Driven, by historically tight stocks, the prospect of a third La Nina in South America and rapid inflation spurred by historically cheap money, CBOT soybean prices surged through the spring and settled into an elevated plateau marked by pricing volatility typical of the summer months. After reaching a record high of $17.69 per bushel on June 9th, however, CBOT prices have been on a downward spiral, shedding $4.25 in value through the end of July.
Below, we explore some of the macroeconomic factors at play behind a decline which has taken place against the backdrop of strong fundamentals. We then conclude with a discussion of the factors behind the record high basis safeguarding NC growers from the worst of these falling prices, namely record container exports out of Wilmington and stubbornly high transportation costs – anathema to Midwestern agriculture but a boon to East Coast soybean production.
Role of the dollar, the world’s reserve currency
Commodities are global assets, meaning they are traded all over the world. The vast majority of commodities are traded in US dollars because of its role as a reserve currency and a reflection of the fact that the US is a large, stable economy that exercises relative fiscal discipline. Even tea, the most British of all beverages, is traded in dollars rather than sterling. This is a critical consideration because it means that as the dollar strengthens it makes commodity purchases more expensive for consumers overseas incurring the expense in local currency. This increased cost curtails demand in those countries, ultimately making the product cheaper for Americans purchasing in dollars. When the dollar weakens, the opposite sequence of events plays out.
Figure 1 illustrates the inverse relationship between the dollar and WTI crude. Historically, this (inverse) relationship was watertight and while the relationship remains, it has weakened somewhat in recent years as the US petroleum production has grown to the point that high oil prices can actually add to the US balance sheet and bolster the dollar.
Economic indicators flashing signs of a recession
Figure 1 illustrates the degree to which petroleum responds to the macro-economic signal of dollar strength but its biggest drivers are fundamental factors like production and consumption – the latter of which is influenced by the strength of the economy. On this score, petroleum markets are currently being shaken by the looming threat of recession. Economists look at many factors when trying to predict a recession but one of the most popular, and most accurate, has historically been the long term treasury yield spread. The treasury yield spread is the difference between the 10-year and 2-year treasury. Generally, the difference between a 10 year and 2 year yield should be positive because investors will demand a greater return to lock their money away for a longer period of time. However, when investors become fearful of a sharp downturn, perhaps because the Fed is pushing short term rates too high, too quickly, they may be willing to accept less for a longer term investment, leading to a flat or inverse yield curve. In figure 2 we observe how an inverse yield curve has accurately predicted every recession since at least the 1970s and suggests that another recession could be just around the corner, a fundamentally bearish factor for petroleum.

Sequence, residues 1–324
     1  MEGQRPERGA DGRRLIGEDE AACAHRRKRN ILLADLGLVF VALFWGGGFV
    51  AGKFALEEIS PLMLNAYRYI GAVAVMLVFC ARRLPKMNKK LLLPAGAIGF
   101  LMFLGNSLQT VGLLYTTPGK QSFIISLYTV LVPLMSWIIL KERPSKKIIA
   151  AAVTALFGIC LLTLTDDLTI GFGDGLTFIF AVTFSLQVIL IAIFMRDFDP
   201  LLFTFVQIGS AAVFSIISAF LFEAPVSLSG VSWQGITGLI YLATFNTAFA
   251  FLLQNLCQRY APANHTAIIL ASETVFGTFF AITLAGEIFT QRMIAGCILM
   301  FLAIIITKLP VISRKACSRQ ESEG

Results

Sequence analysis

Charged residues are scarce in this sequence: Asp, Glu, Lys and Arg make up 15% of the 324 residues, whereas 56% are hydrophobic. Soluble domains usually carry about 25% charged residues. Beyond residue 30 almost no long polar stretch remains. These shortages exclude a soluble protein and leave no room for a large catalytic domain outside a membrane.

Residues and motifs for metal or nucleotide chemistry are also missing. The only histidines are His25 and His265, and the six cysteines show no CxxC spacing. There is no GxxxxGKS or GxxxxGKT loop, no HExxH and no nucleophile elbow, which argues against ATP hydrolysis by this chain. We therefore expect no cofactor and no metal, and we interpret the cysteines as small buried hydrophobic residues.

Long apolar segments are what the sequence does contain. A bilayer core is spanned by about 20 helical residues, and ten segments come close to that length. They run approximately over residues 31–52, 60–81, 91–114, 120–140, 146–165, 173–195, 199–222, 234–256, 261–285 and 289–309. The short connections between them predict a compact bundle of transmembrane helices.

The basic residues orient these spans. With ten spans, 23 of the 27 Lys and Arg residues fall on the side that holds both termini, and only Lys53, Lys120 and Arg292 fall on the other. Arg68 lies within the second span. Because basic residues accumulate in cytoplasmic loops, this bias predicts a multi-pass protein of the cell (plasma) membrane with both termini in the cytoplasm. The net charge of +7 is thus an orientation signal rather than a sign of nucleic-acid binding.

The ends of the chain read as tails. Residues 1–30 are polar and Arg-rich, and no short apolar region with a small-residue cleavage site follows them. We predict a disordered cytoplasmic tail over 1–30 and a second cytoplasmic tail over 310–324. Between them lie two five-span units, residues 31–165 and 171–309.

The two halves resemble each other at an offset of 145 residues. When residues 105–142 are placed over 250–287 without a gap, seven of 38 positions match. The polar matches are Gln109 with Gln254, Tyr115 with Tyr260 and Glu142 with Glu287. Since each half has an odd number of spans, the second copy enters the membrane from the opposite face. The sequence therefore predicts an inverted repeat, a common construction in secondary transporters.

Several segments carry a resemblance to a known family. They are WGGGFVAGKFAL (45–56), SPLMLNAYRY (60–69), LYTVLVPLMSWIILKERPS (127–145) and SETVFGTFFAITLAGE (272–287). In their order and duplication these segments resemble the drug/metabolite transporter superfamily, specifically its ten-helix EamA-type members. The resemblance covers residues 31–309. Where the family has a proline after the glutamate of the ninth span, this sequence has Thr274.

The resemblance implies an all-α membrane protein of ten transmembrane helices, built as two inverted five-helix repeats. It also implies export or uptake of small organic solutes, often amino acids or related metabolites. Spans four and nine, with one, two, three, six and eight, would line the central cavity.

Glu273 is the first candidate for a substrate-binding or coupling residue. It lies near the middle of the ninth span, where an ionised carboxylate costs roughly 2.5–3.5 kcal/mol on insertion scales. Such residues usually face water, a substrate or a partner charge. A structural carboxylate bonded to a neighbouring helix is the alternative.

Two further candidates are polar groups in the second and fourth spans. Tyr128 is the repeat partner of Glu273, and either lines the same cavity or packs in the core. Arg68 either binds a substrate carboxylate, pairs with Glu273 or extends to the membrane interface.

Falling petroleum prices weighing on all commodities, but especially vegetable oils
It’s no secret that commodity markets move in concert. Agricultural commodities have always competed for acres, making it difficult for any one crop to get detached from price cycles for too long. Now, with biofuels so central to demand (40% for corn and 40% for soybean oil) agricultural price cycles are inextricably linked to price cycles in petroleum.
Intuitively, given the large share of their value in oil, the petroleum link is especially strong for oilseeds. Over the last two years, as petroleum prices have surged and renewable diesel capacity has quadrupled, there has been tremendous emphasis across the trade on oil’s growing share of soybean value. Since peaking at 53% in mid-May, however, oil’s share of soybean value has fallen in lockstep with petroleum. As a result, of the $4.25 of value shed from soybean futures at their peak (at the time of writing), $3.00 was lost from the oil component of the bean.
Enter record North Carolina basis
While the 7 weeks following the June 9th peak in prices haven’t been much fun, prices remain historically high and North Carolina growers remain in the enviable position of being distanced from the worst of what’s been happening in Chicago by a basis that has reached record highs.
Supporting local basis include accidental factors, like high railroading costs, but also a vibrant and growing container market, something the NCSPA has worked tirelessly to promote in recent years. Figure 4 illustrates how July basis has propelled upwards of $2 per bushel this year in conjunction with the highest rates in the secondary rail market seen since 2014, a reflection of logistical tie-ups, and an overall environment of high costs for railroaders. Just as important to the strength of local basis, however, has been the step change in containerized exports out of Wilmington since Smithfield ramped up its activity in 2021 and Scoular opened its high-speed container loading facility there earlier this year.
With high prices for inputs coming on the heels of a trade war and global pandemic, North Carolina soybean farmers could certainly use a “win” this year. If we can get good weather in the home stretch (knock wood), it would appear all the ingredients are still in place to deliver one for 2022/23.